The fire was the biggest experienced in Deddington in this generation, the last big outbreak being at Castle House soon after its restoration and at the time when Mr. H. Long lived there.

The Banbury Fire Brigade had only just returned from Heyford Aerodrome where they had been engaged in connection with the water facilities, when they received the call to Deddington through which they had passed only shortly before. The Brigade (under Chief Fire Officer F. Anker) and the Auxiliary Fire Service contingent turned out in strong force with the Dennis engine, the tenders, pumps and full equipment, and the Deddington’s brigade (under Chief Officer R.S. Hall) was already out.

Within 20 minutes of getting the call the Brigade were getting to work, the Dennis engine pumping from an underground tank in the Market Place, and one trailer pump, from a pond at the back of Castle House was set to keep this reservoir filled. Another trailer pump was got to work from a small underground tank in the main Oxford Road. Later a message was sent back for another squad of Auxiliaries and another pump, and the latter got to work from a pond on the Aynho road.

Deddington Brigade with their manual engine concentrated on endeavouring to prevent the fire spreading to properties in adjoining streets and for many hours pumped water which they obtained from street hydrants on to the thatched roofs of cottages, principally those in Philcote Street.

The fire had originated at the south end of the large timber yard and it had got a good hold before the brigades could begin operation. Fragments of burning wood flew in all directions, aided by a fairly strong breeze, and at one time, fears were expressed that the whole, town might become involved.

Plenty of water was available from various standpipes, and about a mile of hose was used across the Market Place to the scene of the fire. Messrs. Johnson’s Yard for a long time was a complete burning mass of timber and the large storehouse of builders’ materials and the office were burnt completely out, including the safe, where there were documents of value, but which contained no money. A lorry near the centre of the yard had been burnt out and the petrol tank had exploded, but a 500 gallon capacity underground petrol tank was found intact.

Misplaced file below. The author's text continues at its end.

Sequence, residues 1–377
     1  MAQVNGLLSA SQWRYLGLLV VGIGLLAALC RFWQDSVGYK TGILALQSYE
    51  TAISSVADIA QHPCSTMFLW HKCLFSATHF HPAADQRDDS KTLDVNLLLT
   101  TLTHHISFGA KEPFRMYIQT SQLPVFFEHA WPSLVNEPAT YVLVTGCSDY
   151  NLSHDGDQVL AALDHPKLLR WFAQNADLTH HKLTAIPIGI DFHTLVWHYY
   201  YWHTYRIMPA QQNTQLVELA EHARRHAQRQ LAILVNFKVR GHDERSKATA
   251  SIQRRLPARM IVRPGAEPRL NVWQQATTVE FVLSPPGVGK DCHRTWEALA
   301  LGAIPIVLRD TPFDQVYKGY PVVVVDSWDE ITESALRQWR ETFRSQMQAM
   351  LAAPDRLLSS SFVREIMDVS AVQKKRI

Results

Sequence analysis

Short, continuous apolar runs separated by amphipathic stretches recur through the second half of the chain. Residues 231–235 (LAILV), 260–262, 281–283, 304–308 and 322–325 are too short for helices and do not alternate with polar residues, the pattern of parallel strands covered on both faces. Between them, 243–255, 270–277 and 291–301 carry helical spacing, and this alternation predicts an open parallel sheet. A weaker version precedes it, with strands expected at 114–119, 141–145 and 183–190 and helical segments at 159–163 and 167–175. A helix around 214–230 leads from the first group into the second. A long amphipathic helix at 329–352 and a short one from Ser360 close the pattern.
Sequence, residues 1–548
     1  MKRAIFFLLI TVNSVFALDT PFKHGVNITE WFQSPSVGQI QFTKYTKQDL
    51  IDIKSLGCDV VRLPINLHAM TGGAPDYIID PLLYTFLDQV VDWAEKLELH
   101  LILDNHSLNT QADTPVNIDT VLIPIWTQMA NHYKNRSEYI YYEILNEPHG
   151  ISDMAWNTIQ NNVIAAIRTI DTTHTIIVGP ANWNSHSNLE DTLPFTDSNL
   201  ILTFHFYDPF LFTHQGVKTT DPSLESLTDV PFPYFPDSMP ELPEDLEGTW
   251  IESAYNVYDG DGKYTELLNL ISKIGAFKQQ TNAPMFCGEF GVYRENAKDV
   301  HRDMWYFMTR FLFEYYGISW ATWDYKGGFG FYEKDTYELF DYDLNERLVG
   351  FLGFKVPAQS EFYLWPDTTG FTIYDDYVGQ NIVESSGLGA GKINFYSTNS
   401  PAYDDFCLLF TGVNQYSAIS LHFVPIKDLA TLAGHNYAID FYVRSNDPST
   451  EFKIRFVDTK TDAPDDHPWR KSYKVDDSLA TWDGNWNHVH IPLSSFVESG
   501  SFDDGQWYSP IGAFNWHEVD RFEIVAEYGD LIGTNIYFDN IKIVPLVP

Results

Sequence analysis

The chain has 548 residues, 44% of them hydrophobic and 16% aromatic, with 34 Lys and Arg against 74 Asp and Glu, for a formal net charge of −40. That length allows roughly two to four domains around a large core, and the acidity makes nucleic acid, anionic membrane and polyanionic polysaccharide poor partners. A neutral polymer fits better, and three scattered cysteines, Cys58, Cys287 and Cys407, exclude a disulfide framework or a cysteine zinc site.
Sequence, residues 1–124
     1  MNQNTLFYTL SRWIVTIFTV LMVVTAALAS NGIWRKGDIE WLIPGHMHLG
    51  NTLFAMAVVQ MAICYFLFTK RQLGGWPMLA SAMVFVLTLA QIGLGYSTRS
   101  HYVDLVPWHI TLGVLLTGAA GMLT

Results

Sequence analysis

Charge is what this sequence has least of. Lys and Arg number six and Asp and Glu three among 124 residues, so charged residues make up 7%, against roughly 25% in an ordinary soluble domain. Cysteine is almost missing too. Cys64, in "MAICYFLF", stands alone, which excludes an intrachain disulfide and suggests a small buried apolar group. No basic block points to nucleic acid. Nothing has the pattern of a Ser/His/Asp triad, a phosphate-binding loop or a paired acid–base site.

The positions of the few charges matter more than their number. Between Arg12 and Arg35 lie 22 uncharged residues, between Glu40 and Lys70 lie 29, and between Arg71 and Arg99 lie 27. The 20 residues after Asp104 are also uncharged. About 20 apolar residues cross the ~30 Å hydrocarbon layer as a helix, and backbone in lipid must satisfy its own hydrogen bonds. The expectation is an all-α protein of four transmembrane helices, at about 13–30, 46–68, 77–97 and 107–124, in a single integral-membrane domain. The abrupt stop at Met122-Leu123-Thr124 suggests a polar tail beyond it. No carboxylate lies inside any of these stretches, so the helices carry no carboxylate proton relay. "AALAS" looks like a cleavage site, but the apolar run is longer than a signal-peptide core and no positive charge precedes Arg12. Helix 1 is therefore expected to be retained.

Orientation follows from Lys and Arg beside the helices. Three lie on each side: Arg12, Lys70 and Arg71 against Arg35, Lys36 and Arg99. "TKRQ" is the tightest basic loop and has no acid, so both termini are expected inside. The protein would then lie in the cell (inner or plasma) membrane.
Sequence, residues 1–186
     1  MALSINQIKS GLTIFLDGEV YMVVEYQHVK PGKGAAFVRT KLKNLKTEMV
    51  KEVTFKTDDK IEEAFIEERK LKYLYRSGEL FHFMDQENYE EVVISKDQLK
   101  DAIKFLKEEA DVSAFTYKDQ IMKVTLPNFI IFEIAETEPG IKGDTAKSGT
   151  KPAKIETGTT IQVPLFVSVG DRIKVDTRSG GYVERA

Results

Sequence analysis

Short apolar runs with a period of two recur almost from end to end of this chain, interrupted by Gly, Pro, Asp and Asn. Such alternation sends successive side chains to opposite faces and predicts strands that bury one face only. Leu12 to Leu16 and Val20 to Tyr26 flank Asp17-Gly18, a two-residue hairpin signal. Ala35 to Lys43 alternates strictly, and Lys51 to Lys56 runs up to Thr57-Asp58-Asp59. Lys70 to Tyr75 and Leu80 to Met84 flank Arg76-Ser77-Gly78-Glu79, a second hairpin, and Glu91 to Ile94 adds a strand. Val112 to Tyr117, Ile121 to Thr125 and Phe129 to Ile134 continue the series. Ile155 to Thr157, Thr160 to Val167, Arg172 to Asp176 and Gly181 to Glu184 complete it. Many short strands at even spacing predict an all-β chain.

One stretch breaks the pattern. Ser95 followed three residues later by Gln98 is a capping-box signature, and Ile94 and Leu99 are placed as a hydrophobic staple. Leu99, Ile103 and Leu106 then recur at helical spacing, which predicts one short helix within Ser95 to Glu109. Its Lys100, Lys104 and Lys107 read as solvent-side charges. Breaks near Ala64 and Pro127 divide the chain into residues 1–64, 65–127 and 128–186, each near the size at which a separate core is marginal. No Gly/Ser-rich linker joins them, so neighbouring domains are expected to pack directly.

One of the main objects of the Banbury Brigade was to save the house of Dr. Hodges, which overlooks the timber yard, and which had become involved. Six of the rooms were seriously damaged and the surgery and contents destroyed. Willing hands helped to remove much of the furniture to the Wesleyan Schoolroom close by, kindly placed at the disposal of Dr. Hodges by the trustees. The main part of the house was saved.

In the meantime the fire had spread to some thatched cottages in Philcote Street, and the house of Mr. J. Callow, haulier, was the one most seriously involved. Mr. Callow awoke and saw flames from his bedroom window. The roof was then well alight, and as much of the furniture as possible was moved to a place of safety.